216 If aspects of (or the burden of) the evidence were to be taken into account in forming a view about that which is an “essential feature” of the registered trade mark (rather than simply a matter of visual comparison), there may be shown to be some force in the notion that the dissimilarities in the final syllable are not such as to render AMG anything other than a mark substantially identical with AMH. However, the registered trade mark and the impugned mark each simply have three letters. Sure enough, “AM” is a substantial part of both and since AM represents 662/3% of each trade mark it may well be an essential feature of both. I accept that it is an essential feature of the registered trade mark. However, one of the three letters in each case is different, that is, one third of the composition of each three letter trade mark is different and the final syllable “G” contains phonetic and visual dissimilarities from “H”. Plainly enough, the trade marks are not identical. I am not persuaded, absent anything else, that they are substantially identical.
217 Even though I am willing to accept that “AM” is an essential part of the registered trade mark, I am not satisfied (absent anything else) that comparing the two trade marks side-by-side, and taking into account the similarity conveyed by the essential feature “AM” and the dissimilarity conveyed by “H” and “G”, that the total impression emerging from the comparison, side-by-side, is such that AMG is substantially identical with AMH.
218 The applicant contends that the AMG device mark (at ), the two AMG (so-called AMG ribbon) trade marks (at  and  and ) and the version of the AMG device mark (described and depicted at ), are deceptively similar to each of the applicant’s trade marks.
219 The question is whether each or any of the impugned trade marks “so nearly resemble” any one of the applicant’s registered trade marks that the impugned mark is “likely to deceive or cause confusion” and if so, the impugned mark is then taken to be deceptively similar to the registered trade mark, as described earlier.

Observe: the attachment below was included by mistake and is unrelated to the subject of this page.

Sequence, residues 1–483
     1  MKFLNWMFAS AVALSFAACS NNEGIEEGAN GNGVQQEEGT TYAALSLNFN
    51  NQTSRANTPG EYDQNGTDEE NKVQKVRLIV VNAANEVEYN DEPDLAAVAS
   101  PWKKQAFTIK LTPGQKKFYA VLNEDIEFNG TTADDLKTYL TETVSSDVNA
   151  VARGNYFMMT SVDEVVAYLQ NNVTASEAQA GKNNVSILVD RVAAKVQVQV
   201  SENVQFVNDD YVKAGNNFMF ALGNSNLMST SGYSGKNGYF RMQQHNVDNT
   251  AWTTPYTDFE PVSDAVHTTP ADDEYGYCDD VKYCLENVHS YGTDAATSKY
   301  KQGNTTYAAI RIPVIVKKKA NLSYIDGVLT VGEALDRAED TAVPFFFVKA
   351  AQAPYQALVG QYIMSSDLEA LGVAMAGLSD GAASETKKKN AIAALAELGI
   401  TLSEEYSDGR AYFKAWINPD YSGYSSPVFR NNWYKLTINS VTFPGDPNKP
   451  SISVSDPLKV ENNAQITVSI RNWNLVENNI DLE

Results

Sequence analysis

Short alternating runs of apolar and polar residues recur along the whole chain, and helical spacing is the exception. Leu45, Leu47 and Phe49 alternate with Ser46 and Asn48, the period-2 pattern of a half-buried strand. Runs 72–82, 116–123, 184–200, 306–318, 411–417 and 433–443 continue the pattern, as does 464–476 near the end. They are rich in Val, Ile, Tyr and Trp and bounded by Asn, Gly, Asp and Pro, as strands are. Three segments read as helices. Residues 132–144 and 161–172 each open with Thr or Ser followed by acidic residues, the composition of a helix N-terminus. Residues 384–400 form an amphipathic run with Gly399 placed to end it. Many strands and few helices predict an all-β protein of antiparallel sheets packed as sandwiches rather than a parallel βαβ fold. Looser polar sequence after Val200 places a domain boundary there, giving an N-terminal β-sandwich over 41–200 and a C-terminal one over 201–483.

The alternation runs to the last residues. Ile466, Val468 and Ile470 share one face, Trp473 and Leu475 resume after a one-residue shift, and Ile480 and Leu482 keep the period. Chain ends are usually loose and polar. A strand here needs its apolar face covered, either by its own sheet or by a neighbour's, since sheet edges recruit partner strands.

220 Although not a side-by-side comparison, s 10 of the TM Act, on the question of deceptive similarity, nevertheless contemplates a comparison between the registered trade mark and another mark to determine whether one “so nearly resembles that other” that the likelihood contemplated by s 10 arises. The comparison, this time, “is the familiar one of trade mark law”, as Sir Victor Windeyer observes in Shell. It is one between the impression persons of ordinary intelligence and memory would have of the registered trade mark, on the one hand, and the impression that such persons “would get from … exhibitions” of the impugned mark or marks: Shell at 415, Windeyer J. Importantly, the “deceptiveness that is contemplated must result from similarity but the likelihood of deception must be judged not by the degree of similarity [that is, the degree of near resemblance] alone, but by the effect of that similarity in all the circumstances” [emphasis added]: Shell at 416, Windeyer J. The issue is not one of “abstract similarity” but “deceptive similarity”: see also CA Henschke & Co. v Rosemount Estates Pty Ltd (2000) 52 IPR 42 at 61, the Court.
221 The comparison engages an attempt by the Court to estimate the effect or impression produced on the mind of potential customers by the registered trade mark or registered device mark. That impression or recollection carried away and retained by the customer is necessarily the basis of any mistaken belief that the impugned mark or device is the same: Australian Woollen Mills Ltd v F S Walton & Co Ltd (1937) 58 CLR 641 (“Australian Woollen Mills”) at 658, Dixon and McTiernan JJ. The registered mark might be used and “exhibited” orally. Dixon and McTiernan JJ also said this in Australian Woollen Mills at 658 about the effect of oral use and spoken descriptions:
The effect of spoken description must be considered. If a mark is in fact or from its nature likely to be the source of some name or verbal description by which buyers will express their desire to have the goods, then similarities both of sound and of meaning may play an important part. The usual manner in which ordinary people behave must be the test of what confusion or deception may be expected. Potential buyers of goods are not to be credited with any high perception or habitual caution. On the other hand, exceptional carelessness or stupidity may be disregarded. The course of business and the way in which the particular class of goods are sold gives, it may be said, the setting, and the habits and observation of men considered in the mass affords the standard. Evidence of actual cases of deception, if forthcoming, is of great weight.
222 In 1953, Kitto J, in exercising original jurisdiction in the High Court, framed elements of the scope of the enquiry (equally relevant to the comparison contemplated by s 10 of the TM Act) in these terms in Southern Cross Refrigerating Co v Toowoomba Foundry Pty Ltd (1954) 91 CLR 592 at 595 (“Southern Cross Refrigerating”), leaving aside his Honour’s observations about onus: